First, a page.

Three-time Grammy winner Darius Rucker, frontman for Hootie & the Blowfish and a solo country-music star, has been crazy for golf since he was a teenager. Now 52, he doesn’t just play in charitable golf events. He has taken the lead in organizing several of them, raising awareness and huge sums of money for causes that are important to him.
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You’ve been on tour since may. been playing much golf?
Oh, yeah, I play a lot. [Laughs.] I’m playing Augusta National tomorrow. I’m playing at St. Andrews in a few days, as we’re heading over to Europe. That’s the coolest thing about being a golf guy. When I go to a town, a lot of people want me to play their course. I play four or five days a week. I’ll do a show and get in my bus, and when I wake up, I’m in the parking lot of a golf course. That’s one of my tour manager’s jobs— to make sure there’s golf wherever we go. what are your game’s strengths and weaknesses? I can get off the tee. I can usually put it in the fairway. But goodness, my chipping and my sand game are awful. Absolutely awful. I have a short-game practice area in my front yard, but I suck. I have no excuse.
You have a golf-themed talk show on SiriusXM Radio, “On par with Darius Rucker.” Any favorite guests?
One of the great days of my life was when Jack Nicklaus agreed to be on. I asked him about the Masters in ’86, and he said, “Well, Darius, on Wednesday … ” and he went day by day. When he’s talking about Saturday and Sunday, he’s going shot by shot. Not just his shots, but Seve’s and Norman’s shots, what everybody else is doing! I get chills just thinking about it. I don’t care what interview I do after that. Nothing could ever come close to it.
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What was your first charity golf tournament? Was it “Monday after the Masters” in Myrtle Beach?
That was the first one I organized. It was already a tournament, but they asked if [Hootie & the Blowfish] would take it over and do it for a couple of years. When we started, Fred Couples and David Duval were the big pros who came every year. It was great to have them still be a part of it, but when we took over we brought in all the bands and all that stuff, and tried to make it a big deal. Now, 24 years later, we’re still doing it. It’s one of the biggest one-day fundraisers in South Carolina. It’s pretty cool to be a part of that.
And that’s not your only golf tournament, is it?
On my very first tour with country music, I went to St. Jude’s Children’s Research Hospital in Memphis with Dierks Bentley, and it just really moved me. I thought it was amazing what they were doing there, and how nobody ever pays a bill or anything. I wanted to do anything I could to help them, and that turned out being a golf tournament and a concert. Now I have two golf tournaments that I do for St. Jude’s, one in Las Vegas and one in Nashville. I’ve raised over a million dollars for St. Jude’s in the last few years. I’m also involved in a couple of college tournaments. We have the Hootie Intercollegiate at Bulls Bay Golf Club, where we have 12 teams, and usually six to 10 of them are ranked. And I have the Darius Rucker Intercollegiate, which is a women’s tournament at Long Cove Club. Both of those are hosted by the University of South Carolina, where we went to college.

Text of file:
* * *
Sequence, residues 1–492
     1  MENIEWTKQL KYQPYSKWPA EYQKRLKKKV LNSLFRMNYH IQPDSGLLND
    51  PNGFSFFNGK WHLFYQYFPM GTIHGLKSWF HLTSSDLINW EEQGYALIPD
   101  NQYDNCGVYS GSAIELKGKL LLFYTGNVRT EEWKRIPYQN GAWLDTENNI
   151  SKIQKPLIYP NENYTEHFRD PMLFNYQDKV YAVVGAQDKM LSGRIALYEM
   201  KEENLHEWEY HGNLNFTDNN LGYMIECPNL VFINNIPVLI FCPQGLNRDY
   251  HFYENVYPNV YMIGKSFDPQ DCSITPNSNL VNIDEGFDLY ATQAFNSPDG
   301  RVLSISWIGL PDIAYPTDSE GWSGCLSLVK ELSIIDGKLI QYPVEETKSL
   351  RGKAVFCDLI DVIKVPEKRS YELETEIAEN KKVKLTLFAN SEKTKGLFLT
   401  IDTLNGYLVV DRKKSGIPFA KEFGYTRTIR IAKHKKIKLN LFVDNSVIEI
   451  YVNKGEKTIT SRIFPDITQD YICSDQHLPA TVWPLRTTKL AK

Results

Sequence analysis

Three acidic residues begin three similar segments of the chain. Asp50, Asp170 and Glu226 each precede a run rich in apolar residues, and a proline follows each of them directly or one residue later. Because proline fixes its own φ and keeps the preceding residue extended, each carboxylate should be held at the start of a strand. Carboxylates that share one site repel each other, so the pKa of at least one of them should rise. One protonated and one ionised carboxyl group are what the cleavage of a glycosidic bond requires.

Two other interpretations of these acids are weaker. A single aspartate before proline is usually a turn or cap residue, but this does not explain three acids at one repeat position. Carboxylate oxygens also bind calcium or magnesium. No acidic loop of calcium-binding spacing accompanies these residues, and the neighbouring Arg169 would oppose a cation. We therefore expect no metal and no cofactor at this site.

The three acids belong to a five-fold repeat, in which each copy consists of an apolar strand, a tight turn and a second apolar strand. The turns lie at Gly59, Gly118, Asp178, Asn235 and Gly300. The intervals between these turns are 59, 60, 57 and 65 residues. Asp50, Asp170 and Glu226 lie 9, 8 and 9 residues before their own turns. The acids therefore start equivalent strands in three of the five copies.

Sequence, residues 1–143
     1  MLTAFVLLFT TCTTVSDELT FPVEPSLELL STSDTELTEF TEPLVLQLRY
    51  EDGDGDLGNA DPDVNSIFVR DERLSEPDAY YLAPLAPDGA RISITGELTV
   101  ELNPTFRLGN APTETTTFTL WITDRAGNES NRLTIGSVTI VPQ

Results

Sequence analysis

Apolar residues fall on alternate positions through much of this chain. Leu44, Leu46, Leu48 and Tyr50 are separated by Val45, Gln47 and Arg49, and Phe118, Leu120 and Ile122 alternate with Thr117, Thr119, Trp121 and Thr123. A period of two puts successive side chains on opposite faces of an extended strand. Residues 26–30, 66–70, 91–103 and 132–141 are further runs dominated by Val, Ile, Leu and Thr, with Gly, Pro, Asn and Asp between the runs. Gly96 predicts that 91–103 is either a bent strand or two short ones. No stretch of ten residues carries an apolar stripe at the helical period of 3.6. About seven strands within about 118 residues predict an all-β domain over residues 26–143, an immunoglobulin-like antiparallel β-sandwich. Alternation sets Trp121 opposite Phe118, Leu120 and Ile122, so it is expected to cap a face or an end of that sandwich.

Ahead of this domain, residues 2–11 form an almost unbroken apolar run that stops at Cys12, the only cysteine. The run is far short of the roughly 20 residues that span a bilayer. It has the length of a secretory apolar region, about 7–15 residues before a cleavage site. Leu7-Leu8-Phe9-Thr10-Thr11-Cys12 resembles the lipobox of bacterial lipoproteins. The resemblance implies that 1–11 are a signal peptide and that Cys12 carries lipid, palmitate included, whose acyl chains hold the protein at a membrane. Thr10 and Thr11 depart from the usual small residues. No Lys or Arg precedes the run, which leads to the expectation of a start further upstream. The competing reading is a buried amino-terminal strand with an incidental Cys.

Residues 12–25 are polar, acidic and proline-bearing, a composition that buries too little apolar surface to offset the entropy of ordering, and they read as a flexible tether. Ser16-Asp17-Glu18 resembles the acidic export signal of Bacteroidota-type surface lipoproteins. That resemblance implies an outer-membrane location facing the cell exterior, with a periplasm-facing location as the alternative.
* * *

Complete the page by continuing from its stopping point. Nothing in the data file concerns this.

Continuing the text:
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Any other charities that are most important to you?
The Medical University of South Carolina Children’s Hospital. My mom worked there as a nurse for 30 years. I’m on the board, and my wife, Beth, puts on a golf tournament for them every year. it seems like children are a big focus for your giving. Yeah, kids and education and hospitals. It sounds cheesy, but I think every kid should have a chance, no matter where they’re from or how much money their parents have. We really try to help kids as much as we can. We’ve always been drawn to them. Even back before Hootie & the Blowfish had a record deal, we used to play a show for an orphanage in Columbia, S.C. We’d get all our friends from other bands together and give all the money to the orphanage.
Golf and country music are known for being pretty white. As an African-American, do you ever feel out of place or even unwelcome in either of those worlds?
There’ve been times, or moments, but I don’t really see it like that. I’m trying to break down barriers. I don’t let myself feel unwanted. If one person doesn’t want me somewhere, that’s on them.
Any advice for young non-white people who are looking to follow in your footsteps?
Don’t listen to the folks who look like you who say this isn’t something you should do, and don’t listen to the folks who don’t look like you who say the same thing. Just go do it.
What’s next for you musically?
I’m going to finish this tour, and then we’re going to release a new Hootie album next year for the 25th anniversary of our first one. It’s been almost 15 years since we’ve recorded new material together, but it feels like breathing, we’ve been doing it for so long.
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